UNITED STATES V. MAISH, 171 U. S. 242 (1899)Subscribe to Cases that cite 171 U. S. 242
U.S. Supreme Court
United States v. Maish, 171 U.S. 242 (1899)
United States v. Maish
Argued March 15-16, 1898
Decided May 31, 1898
171 U.S. 242
APPEAL FROM THE COURT
OF PRIVATE LAND CLAIMS
Ely's Administrator v. United States, ante, 171 U. S. 220, affirmed and followed.
The case is stated in the opinion.
MR. JUSTICE BREWER delivered the opinion of the Court.
This case resembles that of Ely's Administrator v. United States, 171 U. S. 242. The proceedings for the sale were had in 1820 and 1821 and before the same intendant. We deem it unnecessary to add anything to what was stated in that opinion as to the law controlling. It is sufficient to say that while the claim now made is for 46,696.2 acres, the application for purchase was for four sitios (17,353.84 acres). All the proceedings contemplated a sale of only that amount of land. Thus, the appraisers stated that
"from their examination they said that each sitio should be valued at thirty dollars, taking into consideration that none of them had running water or natural standing water, but that water facilities might be obtained by means of a well."
The first of the three final auctions was reported in these words:
"In the City of Arizpe, on the 13th day of December, 1821, there met as a board of auction the provisional intendant, as president, and the other members that compose it, to hold the first auction of the lands to which these proceedings refer, and they caused the people to be assembled at this office by
the beating of the drum, and many persons gathered at the office of the intendant, when the auctioneer, Loreto Salcido, in their presence, was ordered to ask for a bid, which he did in a loud and clear voice, saying:"
"Here before this board of the treasury are being sold four sitios of public land for the raising of cattle, situated at the place called San Ygnacio de la Canoa, within the jurisdiction of the military post of Tubac, surveyed in favor of Tomas and Ygnacio Ortiz, residents of that same town, and appraised in the sum of one hundred and twenty dollars, being at the rate of thirty dollars for each sitio, it being necessary to dig a well to make the land useful. Whosoever wishes to make a bid upon this land, let him come forward and do so in the manner, established by law before this board, where his bid will be heard, notice being given that the Rev. Father Fray Juan Bano, minister of the mission of San Xavier del Bac, in the name of Ygnacio Sanches and Francisco Flores, resident citizens of the same town, had bid for said land the amount of two hundred and ten dollars, and with the understanding that, on the third auction, which is to take place on the day after tomorrow, the sale shall be settled upon the highest bidder."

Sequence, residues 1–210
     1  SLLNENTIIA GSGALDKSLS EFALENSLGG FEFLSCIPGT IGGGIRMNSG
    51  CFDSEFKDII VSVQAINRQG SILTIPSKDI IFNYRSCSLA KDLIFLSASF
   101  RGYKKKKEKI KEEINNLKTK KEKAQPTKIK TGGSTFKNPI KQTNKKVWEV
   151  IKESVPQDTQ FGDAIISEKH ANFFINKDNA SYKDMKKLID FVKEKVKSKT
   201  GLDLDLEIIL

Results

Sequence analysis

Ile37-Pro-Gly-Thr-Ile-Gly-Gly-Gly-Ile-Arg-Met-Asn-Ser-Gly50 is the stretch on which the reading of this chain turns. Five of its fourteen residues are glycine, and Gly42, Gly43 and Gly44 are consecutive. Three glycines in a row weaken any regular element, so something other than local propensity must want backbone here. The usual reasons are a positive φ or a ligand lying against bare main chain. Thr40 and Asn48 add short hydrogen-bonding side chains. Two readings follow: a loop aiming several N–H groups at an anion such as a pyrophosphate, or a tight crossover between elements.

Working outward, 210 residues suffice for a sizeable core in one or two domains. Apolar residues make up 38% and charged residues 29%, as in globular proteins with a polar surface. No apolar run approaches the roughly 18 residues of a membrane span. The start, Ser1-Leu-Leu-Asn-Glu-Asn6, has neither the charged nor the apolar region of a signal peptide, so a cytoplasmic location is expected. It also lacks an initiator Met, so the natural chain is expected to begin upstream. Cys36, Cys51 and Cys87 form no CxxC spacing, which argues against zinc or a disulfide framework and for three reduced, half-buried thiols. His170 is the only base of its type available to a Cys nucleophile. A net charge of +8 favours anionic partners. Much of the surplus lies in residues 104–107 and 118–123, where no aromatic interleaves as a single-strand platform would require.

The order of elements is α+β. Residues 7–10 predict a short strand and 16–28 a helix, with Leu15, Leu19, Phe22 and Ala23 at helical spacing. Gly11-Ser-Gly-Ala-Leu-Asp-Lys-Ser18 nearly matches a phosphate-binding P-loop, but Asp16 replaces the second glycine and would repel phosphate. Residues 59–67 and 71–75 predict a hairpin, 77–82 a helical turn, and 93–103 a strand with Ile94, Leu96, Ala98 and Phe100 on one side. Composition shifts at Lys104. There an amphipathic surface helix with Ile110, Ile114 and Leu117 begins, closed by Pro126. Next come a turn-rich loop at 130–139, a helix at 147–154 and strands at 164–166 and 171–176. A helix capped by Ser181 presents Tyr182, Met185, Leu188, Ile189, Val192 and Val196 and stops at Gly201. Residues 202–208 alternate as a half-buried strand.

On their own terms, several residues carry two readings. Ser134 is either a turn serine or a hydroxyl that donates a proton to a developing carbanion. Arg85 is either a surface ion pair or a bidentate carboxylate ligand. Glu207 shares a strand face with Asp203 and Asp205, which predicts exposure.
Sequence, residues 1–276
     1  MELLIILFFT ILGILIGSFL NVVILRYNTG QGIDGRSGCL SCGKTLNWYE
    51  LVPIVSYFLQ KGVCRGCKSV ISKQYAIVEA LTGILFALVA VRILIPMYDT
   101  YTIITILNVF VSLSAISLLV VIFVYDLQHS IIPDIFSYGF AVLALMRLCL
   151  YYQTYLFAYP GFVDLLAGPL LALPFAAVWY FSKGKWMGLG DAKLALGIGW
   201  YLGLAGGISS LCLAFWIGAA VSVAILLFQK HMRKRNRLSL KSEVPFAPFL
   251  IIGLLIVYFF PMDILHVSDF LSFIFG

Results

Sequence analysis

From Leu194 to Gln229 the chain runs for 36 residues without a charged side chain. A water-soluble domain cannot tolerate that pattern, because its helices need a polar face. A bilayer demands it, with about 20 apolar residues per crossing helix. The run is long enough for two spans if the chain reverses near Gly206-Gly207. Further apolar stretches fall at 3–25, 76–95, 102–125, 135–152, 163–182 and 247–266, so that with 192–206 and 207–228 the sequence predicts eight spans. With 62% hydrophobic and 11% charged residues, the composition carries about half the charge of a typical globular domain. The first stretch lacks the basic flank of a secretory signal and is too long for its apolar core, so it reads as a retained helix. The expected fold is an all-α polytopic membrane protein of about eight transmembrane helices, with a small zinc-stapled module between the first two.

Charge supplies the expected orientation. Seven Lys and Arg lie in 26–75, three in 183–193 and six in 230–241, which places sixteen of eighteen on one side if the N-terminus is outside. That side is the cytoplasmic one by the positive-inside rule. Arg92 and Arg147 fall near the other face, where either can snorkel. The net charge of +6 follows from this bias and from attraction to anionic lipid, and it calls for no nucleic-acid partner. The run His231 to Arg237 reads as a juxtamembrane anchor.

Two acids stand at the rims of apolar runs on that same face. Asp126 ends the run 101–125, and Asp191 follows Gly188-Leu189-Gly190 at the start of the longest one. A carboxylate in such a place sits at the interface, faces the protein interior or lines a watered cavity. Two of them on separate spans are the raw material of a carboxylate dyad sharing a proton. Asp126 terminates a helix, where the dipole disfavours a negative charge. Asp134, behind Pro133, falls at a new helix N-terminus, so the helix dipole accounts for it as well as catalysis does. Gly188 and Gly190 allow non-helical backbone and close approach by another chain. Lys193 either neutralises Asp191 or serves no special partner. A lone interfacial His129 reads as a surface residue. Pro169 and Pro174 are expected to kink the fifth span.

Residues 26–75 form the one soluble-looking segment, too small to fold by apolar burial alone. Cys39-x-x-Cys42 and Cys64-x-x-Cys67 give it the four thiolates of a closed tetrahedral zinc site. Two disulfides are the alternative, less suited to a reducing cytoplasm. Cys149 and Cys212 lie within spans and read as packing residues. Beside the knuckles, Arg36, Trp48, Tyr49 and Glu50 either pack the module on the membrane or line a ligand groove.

"As no bidder appeared, the board adjourned, and the minutes were signed by the President and members of this board."
At the third auction, a bid of $250 was made, and on that bid the property was struck off to Tomas and Ygnacio Ortiz, who subsequently paid into the treasury the full amount of the purchase price, with all charges. Nothing seems to have been done on this purchase until 1849, when title papers were issued by the Substitute Treasurer General of the State of Sonora.
Without repeating the discussion contained in the foregoing opinion, we think that the grant should be sustained for the four sitios purchased, petitioned, and paid for, and for no more. As the grant was confirmed in toto, we are compelled to order that the decree of the court of private land claims be
Reversed, and the case remanded to the court for further proceedings.